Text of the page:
On March 10, the Ministry of the Environment, Conservation and Parks (MECP) proposed changes to the Environmental Assessment (EA) process in Ontario, with the aim of streamlining and modernizing the process to better reflect best practices, mitigate burdensome requirements and reduce costs. As such, the MECP aims to support streamlined project development in the province, while maintaining environmental oversight requirements.
The MECP is seeking feedback by May 9, 2023. The changes are detailed below:
1. Evaluating municipal class environmental assessment requirements for infrastructure projects
The MECP is proposing to evaluate the need for the Environmental Assessment Act (EAA) requirements for certain municipal infrastructure projects that are currently required to follow the process under the Municipal Class EA.
Specifically, Ontario is seeking feedback on changes to timelines for completing low-risk infrastructure projects, such as municipal roadways, water and wastewater projects. To achieve this, the Municipal Class EA could be revoked, and the Act and regulations would be amended as necessary. Projects that have already begun the process would be able to withdraw if certain notification requirements are met. Higher-risk municipal infrastructure projects, such as municipal expressways, waste, transit, electricity, and waterfront projects are not part of this proposal.
In addition, Ontario is proposing to evaluate the need for the Act requirements to avoid duplication of legislative, planning processes and authorization requirements which municipalities undergo outside of the Municipal Class EA process. In doing so, Ontario aims to reduce red tape and allow municipalities to proceed sooner with infrastructure projects.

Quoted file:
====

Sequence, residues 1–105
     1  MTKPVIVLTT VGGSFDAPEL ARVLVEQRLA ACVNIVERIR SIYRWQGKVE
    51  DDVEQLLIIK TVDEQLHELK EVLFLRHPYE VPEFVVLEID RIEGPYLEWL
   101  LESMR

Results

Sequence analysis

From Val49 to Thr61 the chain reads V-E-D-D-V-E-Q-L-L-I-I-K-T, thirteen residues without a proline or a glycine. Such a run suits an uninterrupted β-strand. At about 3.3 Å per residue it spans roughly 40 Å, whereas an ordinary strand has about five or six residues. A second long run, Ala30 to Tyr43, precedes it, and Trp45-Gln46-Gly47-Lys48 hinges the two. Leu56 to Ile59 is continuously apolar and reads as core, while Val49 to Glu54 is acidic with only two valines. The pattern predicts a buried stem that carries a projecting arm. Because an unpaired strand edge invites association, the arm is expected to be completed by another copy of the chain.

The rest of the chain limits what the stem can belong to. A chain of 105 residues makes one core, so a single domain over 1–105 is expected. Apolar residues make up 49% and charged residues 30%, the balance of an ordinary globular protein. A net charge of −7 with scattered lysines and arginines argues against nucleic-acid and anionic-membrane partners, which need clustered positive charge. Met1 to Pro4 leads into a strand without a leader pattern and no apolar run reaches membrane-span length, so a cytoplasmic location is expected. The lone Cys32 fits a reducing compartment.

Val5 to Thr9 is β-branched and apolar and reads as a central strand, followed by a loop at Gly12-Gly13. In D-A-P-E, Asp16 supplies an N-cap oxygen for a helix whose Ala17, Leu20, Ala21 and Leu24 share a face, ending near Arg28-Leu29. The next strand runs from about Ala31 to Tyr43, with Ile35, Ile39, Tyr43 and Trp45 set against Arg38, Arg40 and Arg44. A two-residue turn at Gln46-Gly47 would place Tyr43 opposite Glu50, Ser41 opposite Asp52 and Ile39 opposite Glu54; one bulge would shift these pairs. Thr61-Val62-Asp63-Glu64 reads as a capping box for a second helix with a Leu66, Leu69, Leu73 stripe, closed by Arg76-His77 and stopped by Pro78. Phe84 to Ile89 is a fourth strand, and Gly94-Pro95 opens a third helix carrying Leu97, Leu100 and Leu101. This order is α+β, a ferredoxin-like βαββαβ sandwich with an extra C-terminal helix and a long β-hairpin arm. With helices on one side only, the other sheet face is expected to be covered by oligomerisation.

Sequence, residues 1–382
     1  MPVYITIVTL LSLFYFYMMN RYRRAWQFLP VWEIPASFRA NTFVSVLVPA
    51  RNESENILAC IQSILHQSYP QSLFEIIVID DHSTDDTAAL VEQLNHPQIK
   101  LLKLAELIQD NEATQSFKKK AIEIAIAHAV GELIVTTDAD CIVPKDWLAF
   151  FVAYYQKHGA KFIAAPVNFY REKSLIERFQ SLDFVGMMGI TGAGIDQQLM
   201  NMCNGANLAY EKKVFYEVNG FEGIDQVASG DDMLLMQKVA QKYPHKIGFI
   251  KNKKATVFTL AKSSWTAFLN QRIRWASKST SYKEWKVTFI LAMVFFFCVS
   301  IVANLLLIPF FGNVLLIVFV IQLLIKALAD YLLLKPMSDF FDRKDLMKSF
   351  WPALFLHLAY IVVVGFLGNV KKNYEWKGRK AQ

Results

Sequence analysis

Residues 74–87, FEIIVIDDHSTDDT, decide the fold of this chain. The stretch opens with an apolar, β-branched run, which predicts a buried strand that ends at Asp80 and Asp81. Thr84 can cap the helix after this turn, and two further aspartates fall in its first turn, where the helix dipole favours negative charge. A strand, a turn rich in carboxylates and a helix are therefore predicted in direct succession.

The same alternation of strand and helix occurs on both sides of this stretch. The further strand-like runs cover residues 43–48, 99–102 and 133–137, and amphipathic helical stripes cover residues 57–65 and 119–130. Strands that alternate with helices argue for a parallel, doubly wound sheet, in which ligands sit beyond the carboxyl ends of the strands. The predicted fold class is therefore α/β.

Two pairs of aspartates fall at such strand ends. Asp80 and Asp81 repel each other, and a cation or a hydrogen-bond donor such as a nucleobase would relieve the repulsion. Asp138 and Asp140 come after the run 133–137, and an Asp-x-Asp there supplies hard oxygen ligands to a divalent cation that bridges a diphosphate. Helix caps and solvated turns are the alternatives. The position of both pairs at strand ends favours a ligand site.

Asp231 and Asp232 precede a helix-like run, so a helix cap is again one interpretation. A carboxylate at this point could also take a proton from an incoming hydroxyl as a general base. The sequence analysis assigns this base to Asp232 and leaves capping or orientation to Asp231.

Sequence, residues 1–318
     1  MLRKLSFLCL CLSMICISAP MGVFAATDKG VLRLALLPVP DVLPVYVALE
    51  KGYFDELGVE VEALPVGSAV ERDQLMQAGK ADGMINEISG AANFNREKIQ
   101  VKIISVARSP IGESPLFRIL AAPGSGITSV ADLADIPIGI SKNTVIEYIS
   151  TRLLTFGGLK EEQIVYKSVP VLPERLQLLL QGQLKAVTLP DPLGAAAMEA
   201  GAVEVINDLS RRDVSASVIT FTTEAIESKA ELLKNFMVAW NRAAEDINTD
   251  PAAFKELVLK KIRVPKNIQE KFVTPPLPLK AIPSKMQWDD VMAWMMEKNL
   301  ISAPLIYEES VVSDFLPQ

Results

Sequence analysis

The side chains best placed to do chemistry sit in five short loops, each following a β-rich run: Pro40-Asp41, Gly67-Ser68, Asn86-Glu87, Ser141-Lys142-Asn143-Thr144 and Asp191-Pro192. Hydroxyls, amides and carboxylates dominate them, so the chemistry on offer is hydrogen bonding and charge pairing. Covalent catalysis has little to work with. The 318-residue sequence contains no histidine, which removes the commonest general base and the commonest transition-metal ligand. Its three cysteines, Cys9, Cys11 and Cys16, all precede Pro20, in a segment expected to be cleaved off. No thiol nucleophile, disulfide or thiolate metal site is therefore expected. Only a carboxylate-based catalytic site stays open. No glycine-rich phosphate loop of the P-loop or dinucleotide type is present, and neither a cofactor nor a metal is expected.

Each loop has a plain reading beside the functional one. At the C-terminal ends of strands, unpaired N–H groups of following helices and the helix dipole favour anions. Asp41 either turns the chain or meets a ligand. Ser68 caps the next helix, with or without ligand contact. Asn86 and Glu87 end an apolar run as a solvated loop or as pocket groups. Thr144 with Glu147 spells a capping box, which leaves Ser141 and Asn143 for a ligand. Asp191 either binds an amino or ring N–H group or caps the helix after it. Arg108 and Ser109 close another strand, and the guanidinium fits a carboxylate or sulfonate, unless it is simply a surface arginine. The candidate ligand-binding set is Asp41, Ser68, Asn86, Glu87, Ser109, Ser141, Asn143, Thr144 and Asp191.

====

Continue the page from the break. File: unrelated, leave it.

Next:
2. Moving to a project list approach under the Environmental Assessment Act
Building on proposed changes in November 2021, Ontario has revised its proposal for updating regulations and other measures that move toward a project-list approach for projects that will require a comprehensive EA under the EAA. A project list approach means that projects requiring a comprehensive EA will be listed in the regulation rather than being based mainly on who is proposing the project.
The revised proposal involves moving all transportation (highways and rail) and electricity transmission projects to a streamlined, rather than comprehensive, EA process. Ontario continues to propose comprehensive EA requirements for waterfront projects, however, revisions include expanding the transition provisions which allow certain projects to be exempt from comprehensive EA requirements.
The revised proposal does not include any changes to previously proposed comprehensive EA requirements for waste projects, waterpower facilities or large oil electricity generation facilities.
The regulatory posting notes that these proposed changes are intended to better align Ontario with other jurisdictions across Canada, including the federal government.
3. Improving timelines for comprehensive environmental assessments
The MECP posted a bulletin regarding its plan to move forward with several initiatives to make it easier to complete a comprehensive EA.
To improve the quality of submissions and ensure the process is as efficient as possible, all while maintaining adequate environmental oversight, the government intends to improve timelines for comprehensive EAs which presently take up to six years to complete, which delays the completion of major infrastructure projects in the province.
Ontario intends to reduce timelines through improvements in four areas:
Sussex continues to be engaged with the Ontario government on the Environmental Assessment process. We would be happy to assist clients in providing feedback in response to government consultations, as well as navigate the evolving environmental regulatory landscape in the province and across Canada.
Christina Marciano, Vice President and Lead, Environment Practice
Joyce Mankarios, Director, Ontario Government Relations
Teodora Durca, Research Associate, Environment Practice